Jordanians are voting in parliamentary elections as the country faces economic troubles and chaos in the Middle East. The parliament has little power in a country dominated by King Abdullah II.
About 4 million Jordanians on Tuesday are casting ballots to elect members of parliament under new electoral rules.
The Islamic Action Front (IAF), the political wing of the Muslim Brotherhood, is expected to perform well, possibly picking up to 20 percent of the seats in the 130 member parliament.
The Jordan branch of the region wide Islamic movement has boycotted the last two elections. Other opposition groups have also boycotted elections.
Fifteen seats are reserved for women, while nine spots are reserved for Christians and another three for Circassian and Chechen ethnic minorities.
Under new election rules, voters will vote for party lists as well as candidates on each list at the district level.
The change is viewed by analysts as a small concession for pro-democracy advocates and the opposition.
Previously, voters cast ballots for candidates on a "one person, one vote" system. That benefited rural tribal blocs that back the monarchy.
There are 1,252 candidates running on 226 lists, but only six percent of the lists are affiliated with a party. Thirty-nine percent are independent candidates and 43 percent are based on tribal ties, according to the US-based International Republican Institute.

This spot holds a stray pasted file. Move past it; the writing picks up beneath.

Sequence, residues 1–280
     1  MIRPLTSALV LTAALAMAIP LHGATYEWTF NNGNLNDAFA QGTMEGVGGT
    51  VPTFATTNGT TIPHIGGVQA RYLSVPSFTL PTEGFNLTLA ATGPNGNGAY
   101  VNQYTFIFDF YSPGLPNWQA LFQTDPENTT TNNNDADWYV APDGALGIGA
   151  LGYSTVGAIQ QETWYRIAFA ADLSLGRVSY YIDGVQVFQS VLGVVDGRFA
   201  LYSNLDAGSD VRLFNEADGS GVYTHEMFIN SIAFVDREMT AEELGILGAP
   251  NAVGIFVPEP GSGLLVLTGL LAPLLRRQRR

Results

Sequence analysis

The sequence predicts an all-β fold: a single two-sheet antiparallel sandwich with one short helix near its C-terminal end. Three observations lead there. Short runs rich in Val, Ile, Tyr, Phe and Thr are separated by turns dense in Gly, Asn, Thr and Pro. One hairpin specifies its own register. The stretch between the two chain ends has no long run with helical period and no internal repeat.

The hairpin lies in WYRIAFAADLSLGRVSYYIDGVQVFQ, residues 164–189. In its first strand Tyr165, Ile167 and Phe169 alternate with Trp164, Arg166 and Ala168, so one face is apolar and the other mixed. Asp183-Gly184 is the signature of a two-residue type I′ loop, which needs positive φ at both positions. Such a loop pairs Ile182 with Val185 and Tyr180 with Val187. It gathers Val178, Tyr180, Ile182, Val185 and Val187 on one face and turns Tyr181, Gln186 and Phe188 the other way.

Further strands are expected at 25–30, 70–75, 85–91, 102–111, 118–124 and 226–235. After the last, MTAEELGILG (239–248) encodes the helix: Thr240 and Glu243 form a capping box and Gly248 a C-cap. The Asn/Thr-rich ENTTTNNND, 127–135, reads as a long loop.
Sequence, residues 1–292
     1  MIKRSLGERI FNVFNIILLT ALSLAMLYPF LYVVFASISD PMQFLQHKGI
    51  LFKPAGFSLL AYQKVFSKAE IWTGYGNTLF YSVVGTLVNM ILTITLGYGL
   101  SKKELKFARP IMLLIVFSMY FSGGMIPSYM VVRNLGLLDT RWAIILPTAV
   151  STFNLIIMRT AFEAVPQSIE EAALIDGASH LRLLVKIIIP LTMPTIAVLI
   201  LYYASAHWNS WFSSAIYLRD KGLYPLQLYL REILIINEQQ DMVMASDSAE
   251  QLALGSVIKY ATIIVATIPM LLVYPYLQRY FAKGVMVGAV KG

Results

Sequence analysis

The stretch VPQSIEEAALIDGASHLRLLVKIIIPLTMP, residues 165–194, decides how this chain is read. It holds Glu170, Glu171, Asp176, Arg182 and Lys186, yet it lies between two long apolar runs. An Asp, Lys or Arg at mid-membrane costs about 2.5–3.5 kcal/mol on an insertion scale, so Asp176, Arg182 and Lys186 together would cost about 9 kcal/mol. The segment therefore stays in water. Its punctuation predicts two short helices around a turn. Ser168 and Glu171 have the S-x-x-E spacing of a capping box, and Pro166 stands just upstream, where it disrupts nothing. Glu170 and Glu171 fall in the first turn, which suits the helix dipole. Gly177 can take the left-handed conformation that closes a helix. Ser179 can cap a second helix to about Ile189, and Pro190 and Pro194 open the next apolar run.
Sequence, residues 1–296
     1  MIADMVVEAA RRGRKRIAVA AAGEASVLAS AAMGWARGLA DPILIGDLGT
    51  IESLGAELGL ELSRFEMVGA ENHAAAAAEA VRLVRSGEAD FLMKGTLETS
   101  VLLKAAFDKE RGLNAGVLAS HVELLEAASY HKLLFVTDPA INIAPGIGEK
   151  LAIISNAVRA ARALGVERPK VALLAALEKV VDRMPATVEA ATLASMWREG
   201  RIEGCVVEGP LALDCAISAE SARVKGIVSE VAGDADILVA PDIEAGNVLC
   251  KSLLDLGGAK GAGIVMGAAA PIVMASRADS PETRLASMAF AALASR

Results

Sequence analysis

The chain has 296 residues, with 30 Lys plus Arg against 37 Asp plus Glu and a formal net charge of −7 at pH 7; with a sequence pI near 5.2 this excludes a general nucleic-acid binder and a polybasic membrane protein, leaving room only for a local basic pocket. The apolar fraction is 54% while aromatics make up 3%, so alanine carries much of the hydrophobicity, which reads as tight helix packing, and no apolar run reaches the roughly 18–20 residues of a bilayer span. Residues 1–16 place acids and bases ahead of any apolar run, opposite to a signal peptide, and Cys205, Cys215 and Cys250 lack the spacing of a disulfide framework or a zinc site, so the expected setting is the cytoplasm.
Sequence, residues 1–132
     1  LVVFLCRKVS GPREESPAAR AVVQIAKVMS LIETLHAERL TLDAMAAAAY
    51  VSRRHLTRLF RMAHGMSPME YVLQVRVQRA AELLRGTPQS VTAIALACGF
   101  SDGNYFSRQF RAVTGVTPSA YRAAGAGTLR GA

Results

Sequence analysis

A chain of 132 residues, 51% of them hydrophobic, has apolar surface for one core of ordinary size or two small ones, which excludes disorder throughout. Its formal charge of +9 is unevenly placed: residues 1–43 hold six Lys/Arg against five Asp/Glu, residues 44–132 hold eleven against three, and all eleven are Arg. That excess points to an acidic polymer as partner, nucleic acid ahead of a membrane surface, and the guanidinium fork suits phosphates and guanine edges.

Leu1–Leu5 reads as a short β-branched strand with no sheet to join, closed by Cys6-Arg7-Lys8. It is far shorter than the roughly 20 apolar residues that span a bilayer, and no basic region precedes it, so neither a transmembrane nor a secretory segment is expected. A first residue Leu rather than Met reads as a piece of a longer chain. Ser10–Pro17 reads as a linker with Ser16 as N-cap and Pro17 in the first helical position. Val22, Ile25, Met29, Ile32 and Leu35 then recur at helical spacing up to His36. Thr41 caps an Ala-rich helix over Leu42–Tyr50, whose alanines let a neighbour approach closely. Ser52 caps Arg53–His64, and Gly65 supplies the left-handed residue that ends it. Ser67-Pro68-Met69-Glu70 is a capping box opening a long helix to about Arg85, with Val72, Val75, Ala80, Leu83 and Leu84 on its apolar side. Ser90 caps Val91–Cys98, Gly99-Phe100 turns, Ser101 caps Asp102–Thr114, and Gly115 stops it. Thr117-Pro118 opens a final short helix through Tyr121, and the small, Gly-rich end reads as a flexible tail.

Jordan's parliament yields little power over government policy. King Abdullah II ultimately has final say over the military and intelligence, judiciary and parliament.
A key test on Tuesday will be voter turnout, which could send a signal about how Jordanians feel about the pace of reforms.
The vote comes as the pro-Western desert kingdom is surrounded by instability and conflict in neighboring Iraq and Syria.
Jordan hosts some 655,000 registered Syrian refugees and another 58,000 from Iraq, according to the UN refugee agency, with many more undocumented.
The nation of 6 million has the second highest number of refugees per 1,000 inhabitants in the world.
A top concern of voters, however, is the economy and high unemployment.
Polls close at 7:00 p.m. (16:00 GMT/UTC).
cw/msh (AFP, AP, dpa)